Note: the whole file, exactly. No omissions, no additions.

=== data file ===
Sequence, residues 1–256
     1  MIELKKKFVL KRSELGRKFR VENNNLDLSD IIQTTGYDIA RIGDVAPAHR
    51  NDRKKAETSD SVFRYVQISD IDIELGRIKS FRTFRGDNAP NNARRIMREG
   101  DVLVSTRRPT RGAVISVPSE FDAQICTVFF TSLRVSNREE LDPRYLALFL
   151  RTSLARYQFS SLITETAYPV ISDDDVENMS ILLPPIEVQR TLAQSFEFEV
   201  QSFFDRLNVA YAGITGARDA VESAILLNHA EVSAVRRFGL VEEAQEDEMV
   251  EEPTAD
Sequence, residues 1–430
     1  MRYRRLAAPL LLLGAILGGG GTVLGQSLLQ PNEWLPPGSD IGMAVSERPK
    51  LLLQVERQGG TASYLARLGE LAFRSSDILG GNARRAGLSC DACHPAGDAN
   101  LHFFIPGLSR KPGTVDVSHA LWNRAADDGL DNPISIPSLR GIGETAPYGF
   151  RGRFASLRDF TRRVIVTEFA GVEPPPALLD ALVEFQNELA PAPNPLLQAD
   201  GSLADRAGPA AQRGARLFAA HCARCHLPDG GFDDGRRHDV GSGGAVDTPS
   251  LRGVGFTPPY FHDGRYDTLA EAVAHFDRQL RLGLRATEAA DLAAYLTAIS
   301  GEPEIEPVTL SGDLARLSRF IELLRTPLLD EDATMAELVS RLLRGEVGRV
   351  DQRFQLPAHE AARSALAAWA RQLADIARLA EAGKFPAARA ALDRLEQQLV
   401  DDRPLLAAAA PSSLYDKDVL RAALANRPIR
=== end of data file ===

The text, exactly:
Sequence, residues 1–256
     1  MIELKKKFVL KRSELGRKFR VENNNLDLSD IIQTTGYDIA RIGDVAPAHR
    51  NDRKKAETSD SVFRYVQISD IDIELGRIKS FRTFRGDNAP NNARRIMREG
   101  DVLVSTRRPT RGAVISVPSE FDAQICTVFF TSLRVSNREE LDPRYLALFL
   151  RTSLARYQFS SLITETAYPV ISDDDVENMS ILLPPIEVQR TLAQSFEFEV
   201  QSFFDRLNVA YAGITGARDA VESAILLNHA EVSAVRRFGL VEEAQEDEMV
   251  EEPTAD
Sequence, residues 1–430
     1  MRYRRLAAPL LLLGAILGGG GTVLGQSLLQ PNEWLPPGSD IGMAVSERPK
    51  LLLQVERQGG TASYLARLGE LAFRSSDILG GNARRAGLSC DACHPAGDAN
   101  LHFFIPGLSR KPGTVDVSHA LWNRAADDGL DNPISIPSLR GIGETAPYGF
   151  RGRFASLRDF TRRVIVTEFA GVEPPPALLD ALVEFQNELA PAPNPLLQAD
   201  GSLADRAGPA AQRGARLFAA HCARCHLPDG GFDDGRRHDV GSGGAVDTPS
   251  LRGVGFTPPY FHDGRYDTLA EAVAHFDRQL RLGLRATEAA DLAAYLTAIS
   301  GEPEIEPVTL SGDLARLSRF IELLRTPLLD EDATMAELVS RLLRGEVGRV
   351  DQRFQLPAHE AARSALAAWA RQLADIARLA EAGKFPAARA ALDRLEQQLV
   401  DDRPLLAAAA PSSLYDKDVL RAALANRPIR